October 3, 2013 § Leave a comment
When Justin Timberlake announced his mega-comeback to the music industry after submerging himself in acting for the past 7 years, the world breathed an excited sigh of relief. The first half of The 20/20 Experience dropped in March, and the Budweiser/tequila endorsements, stadium tours and media appearances followed almost immediately – dare I say it was…corporate-planned? It was a solid mix of a throwback sound with a futuristic underbelly.
The lengthy record (despite it having only 12 tracks) was just enough. Soon after the album dropped, Timberlake announced 20/20‘s volume two. By then, the entire experience was overkill. The 20/20 Experience 2 of 2 reflects just that – it’s less about the music and more about making the money. Instead of leaving us with suspense, Timberlake and Timberland hit us over the head with more and more…and more music in a move that is overindulgent.
The album opens up with “Gimme What I Don’t Know (I Want).” It takes a note from Bruno Mars‘ “Gorilla” and steps into the jungle for this jumbled tune. It is overtly simple and almost laughable with lyrics like “Show me your teeth and then spread your wings/ Down and dirty, you’re loving me so loud.” Not to mention the strange accent that Timberlake tries to pass off as a “Sexyback” 2.0 but ultimately fails. Timberlake tries (and fails) to recreate a “Thriller”-esque sonic journey (yes – he even mimics Vincent Prince’s famous laugh) with “True Blood.” Clocking at nine minutes and thirty seconds, “True Blood” is painfully unnecessary and a drag to listen to. The zooming synths combined with the unsteady bassline and odd auto-tuned vocals all come off as messy.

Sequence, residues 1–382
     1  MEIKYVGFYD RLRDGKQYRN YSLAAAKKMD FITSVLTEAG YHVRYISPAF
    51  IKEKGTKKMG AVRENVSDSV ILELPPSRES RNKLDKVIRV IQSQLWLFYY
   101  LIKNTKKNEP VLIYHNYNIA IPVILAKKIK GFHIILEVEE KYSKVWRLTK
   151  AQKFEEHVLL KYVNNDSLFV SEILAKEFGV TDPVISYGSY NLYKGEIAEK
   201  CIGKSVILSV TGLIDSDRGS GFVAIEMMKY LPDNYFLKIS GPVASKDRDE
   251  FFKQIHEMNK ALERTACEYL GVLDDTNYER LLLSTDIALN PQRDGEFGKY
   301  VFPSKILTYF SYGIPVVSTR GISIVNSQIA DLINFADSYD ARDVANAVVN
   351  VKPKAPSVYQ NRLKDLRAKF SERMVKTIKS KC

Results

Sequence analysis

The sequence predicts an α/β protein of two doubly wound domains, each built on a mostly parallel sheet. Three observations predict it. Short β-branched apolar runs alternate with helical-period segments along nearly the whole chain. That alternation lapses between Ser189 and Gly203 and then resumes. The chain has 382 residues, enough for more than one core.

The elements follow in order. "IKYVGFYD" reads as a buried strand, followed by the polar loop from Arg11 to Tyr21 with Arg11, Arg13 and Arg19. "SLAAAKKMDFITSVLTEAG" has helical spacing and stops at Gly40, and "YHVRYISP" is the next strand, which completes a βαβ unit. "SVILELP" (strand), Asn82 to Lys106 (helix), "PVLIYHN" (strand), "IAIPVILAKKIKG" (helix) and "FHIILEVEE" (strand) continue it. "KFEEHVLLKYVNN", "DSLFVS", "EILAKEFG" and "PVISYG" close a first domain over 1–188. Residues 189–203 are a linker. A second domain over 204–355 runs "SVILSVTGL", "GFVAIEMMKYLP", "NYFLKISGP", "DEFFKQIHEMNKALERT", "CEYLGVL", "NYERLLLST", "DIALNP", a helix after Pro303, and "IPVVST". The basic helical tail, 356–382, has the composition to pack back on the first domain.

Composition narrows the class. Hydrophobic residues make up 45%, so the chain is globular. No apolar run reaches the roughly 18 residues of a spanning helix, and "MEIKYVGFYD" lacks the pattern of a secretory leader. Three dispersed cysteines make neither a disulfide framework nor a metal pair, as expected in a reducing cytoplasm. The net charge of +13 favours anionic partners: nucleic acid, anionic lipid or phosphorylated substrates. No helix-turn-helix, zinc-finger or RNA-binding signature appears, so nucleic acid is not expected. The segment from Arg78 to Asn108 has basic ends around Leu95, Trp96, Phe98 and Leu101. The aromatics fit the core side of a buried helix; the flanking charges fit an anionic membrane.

“TKO” is one of the album’s few standouts, which is a shame since the opening line is the horrible “She kill me that coo-coochie coochie-coo.” Yet it still sounds like a track from the FutureSex/LoveSounds cutting room floor. But you can’t act for too much, right? The dull boxing-ring metaphors are saved by the pristine, Southern-tinged production.
Despite the song being a slight disappointment when it was released back in July, the first single “Take Back The Night” rushes in like a breath of fresh air after the album’s weighty first half. It draws disco/funk influences from Michael Jackson‘s Off The Wall combined with Luther Vandross‘ “Never Too Much” – so it definitely has the potential to become a dance party staple. Keep reading!
September 30, 2013 § Leave a comment
Kings of Leon‘s latest record Mechanical Bull is a big landmark for the Tennessee boys – it is their sixth album and it also marks their 10th year in the music industry since 2003’s Youth And Yound Manhood. Mechanical Bull – released on September 24 – definitely shows the band’s maturity. Long gone are the days of drunken fits and misbehavior, the band is now married and focused on becoming one of this generation’s rock greats.
The album kicks off with “Supersoaker,” which immediately draws back to their original and very missed homegrown country sound – think a more grown-up Aha Shake Heartbreak. Caleb’s voice is the strongest its ever been while still maintaining that gravely emotion that we’ve all come to love, and it adds perfect to the foot stomping, clanky melody. Following is “Rock City” – an ’80’s glam rock stunner with a guitar riff that is kind of Guns N’ Roses-esque.